D1: (written by Shannon)
The experiment demonstrates that people tend to conform to the social position they are anticipated to participate in. For example, how a person would act in an environment or situation. I feel that the experiment should still be emphasized and explained more about the experiment to make sure that participants are well aware of the possible repercussions before participating in the experiment. In the Stanford prison experiment, participants were given informed consent, but I don’t think the researchers gave a clear description of what they are going to go through. For example, did prisoners know that they are going to be naked or punished? Did researchers make it clear to the participants of the possible emotional side effects of the experiment? I think Zimbardo might have not been aware of the emotional side effects that could affect the participants. Guards in the experiment took advantage of the power there given to them and were not properly trained. To be professional guards you have to be well trained to perform well. There we many problems in the experiment at first but they still continue for six days. My biggest concern is that prisoners could end yo with mental health problems and no one deserves to be treated this way.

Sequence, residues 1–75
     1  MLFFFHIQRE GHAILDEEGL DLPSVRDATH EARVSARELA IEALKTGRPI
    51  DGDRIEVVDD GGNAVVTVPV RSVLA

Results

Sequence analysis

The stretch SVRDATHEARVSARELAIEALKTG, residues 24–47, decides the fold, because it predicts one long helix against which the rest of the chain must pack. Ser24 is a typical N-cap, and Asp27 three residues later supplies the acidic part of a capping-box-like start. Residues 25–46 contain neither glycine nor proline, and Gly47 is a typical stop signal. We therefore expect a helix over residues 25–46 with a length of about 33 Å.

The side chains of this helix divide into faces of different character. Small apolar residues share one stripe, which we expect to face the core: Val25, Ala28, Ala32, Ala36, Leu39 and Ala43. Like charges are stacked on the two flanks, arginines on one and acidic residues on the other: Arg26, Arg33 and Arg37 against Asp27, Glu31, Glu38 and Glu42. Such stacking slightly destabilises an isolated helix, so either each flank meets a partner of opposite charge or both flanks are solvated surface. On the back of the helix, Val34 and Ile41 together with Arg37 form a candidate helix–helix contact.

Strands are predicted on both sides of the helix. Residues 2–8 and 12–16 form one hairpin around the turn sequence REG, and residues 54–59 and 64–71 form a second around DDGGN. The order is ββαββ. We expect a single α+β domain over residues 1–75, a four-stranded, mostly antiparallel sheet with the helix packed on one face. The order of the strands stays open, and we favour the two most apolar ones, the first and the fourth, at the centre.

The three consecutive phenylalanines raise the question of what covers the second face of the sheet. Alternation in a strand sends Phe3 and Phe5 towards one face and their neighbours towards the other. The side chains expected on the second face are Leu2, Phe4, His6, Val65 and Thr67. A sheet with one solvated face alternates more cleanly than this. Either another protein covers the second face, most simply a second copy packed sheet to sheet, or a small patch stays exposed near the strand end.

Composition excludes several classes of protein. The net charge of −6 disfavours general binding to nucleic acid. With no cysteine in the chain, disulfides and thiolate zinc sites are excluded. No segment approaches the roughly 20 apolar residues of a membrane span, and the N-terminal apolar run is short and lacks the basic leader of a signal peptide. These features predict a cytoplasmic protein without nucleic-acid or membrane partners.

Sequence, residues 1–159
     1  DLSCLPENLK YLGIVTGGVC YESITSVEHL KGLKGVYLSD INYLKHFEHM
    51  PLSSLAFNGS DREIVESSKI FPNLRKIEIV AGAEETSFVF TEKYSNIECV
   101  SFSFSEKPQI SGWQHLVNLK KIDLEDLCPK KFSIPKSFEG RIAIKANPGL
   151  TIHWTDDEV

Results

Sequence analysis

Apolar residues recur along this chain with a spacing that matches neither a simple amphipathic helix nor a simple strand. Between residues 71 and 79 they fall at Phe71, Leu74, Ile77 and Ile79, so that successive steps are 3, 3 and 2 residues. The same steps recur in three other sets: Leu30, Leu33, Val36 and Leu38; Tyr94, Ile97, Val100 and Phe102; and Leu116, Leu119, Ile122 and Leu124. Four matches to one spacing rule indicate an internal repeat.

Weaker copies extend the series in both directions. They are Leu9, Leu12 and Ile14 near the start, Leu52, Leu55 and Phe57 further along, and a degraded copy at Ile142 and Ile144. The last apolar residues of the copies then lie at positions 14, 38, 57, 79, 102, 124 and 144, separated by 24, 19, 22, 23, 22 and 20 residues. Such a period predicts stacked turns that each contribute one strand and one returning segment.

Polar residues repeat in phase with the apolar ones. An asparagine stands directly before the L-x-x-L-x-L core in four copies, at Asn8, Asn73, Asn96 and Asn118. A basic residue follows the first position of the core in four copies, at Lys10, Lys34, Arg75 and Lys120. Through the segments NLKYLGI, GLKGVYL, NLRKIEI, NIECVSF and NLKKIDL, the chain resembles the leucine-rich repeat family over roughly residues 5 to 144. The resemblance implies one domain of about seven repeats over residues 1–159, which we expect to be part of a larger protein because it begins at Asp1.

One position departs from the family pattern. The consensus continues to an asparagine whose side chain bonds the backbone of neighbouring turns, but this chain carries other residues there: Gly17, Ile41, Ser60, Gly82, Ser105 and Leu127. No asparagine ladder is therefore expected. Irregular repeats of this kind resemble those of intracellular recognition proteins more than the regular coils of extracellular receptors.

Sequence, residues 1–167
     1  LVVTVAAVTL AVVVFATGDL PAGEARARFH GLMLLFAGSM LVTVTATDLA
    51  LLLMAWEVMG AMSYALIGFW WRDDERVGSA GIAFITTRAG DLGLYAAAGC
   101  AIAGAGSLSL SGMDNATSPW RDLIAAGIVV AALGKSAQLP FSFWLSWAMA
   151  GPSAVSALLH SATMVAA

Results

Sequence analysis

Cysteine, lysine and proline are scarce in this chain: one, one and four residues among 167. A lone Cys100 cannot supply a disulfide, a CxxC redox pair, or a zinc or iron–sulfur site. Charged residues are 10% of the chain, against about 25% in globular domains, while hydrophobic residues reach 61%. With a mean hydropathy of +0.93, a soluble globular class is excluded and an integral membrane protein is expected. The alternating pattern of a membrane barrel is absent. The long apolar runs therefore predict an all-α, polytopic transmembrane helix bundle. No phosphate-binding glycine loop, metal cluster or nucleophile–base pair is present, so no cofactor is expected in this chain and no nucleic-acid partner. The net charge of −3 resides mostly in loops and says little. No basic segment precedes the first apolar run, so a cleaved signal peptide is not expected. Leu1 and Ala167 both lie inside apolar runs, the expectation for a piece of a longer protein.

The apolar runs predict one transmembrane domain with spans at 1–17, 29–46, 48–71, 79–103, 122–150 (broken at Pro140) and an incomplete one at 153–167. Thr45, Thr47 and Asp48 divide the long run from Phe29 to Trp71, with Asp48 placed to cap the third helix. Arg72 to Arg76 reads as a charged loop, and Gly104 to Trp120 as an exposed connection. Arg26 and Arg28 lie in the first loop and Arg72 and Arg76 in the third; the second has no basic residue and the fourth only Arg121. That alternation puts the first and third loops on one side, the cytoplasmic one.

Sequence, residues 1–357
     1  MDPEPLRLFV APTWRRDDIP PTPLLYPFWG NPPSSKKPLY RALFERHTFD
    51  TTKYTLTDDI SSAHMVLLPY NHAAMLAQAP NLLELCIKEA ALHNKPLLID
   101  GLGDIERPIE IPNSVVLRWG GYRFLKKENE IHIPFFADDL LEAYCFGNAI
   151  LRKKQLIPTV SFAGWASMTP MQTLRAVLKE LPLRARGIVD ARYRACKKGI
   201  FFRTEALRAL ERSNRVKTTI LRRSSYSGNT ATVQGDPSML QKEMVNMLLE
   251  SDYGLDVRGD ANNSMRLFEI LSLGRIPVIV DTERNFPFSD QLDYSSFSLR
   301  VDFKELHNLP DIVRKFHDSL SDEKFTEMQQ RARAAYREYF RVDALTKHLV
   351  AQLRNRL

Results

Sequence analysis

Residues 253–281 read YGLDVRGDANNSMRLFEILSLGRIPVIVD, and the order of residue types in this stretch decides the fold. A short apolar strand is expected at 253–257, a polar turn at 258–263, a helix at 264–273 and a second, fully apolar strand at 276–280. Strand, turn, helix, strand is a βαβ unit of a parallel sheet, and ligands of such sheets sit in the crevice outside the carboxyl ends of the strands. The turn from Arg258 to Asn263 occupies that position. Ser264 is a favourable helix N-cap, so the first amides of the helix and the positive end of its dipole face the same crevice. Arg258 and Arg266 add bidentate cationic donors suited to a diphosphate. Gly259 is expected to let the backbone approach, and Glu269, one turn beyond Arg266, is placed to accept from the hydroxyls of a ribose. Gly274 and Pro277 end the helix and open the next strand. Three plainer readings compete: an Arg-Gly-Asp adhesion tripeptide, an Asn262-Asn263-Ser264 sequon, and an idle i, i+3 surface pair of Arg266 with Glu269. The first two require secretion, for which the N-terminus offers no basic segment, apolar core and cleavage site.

The most important thing that we learned from the study is making peace with one another in a group. Many times we fight with other groups members and make up by helping each other to solve the problems they are facing. The article Robbers Cave Experiment: How group conflicts develop it states that “One of the reasons Sherif’s study is so famous is that it appeared to show how groups could be reconciled, how peace could flourish” (Dean, 2021). In this case, when groups have peace with each other they are more likely to avoid unwarranted conflicts. For example, peace could help to prevent violence in groups. Promoting peace is the best thing to have in a group to be more successful and happy. Having peace in a group can make a big difference by bringing back everyone together. I think everyone deserves peace in their workplace, sports, or when making group decisions.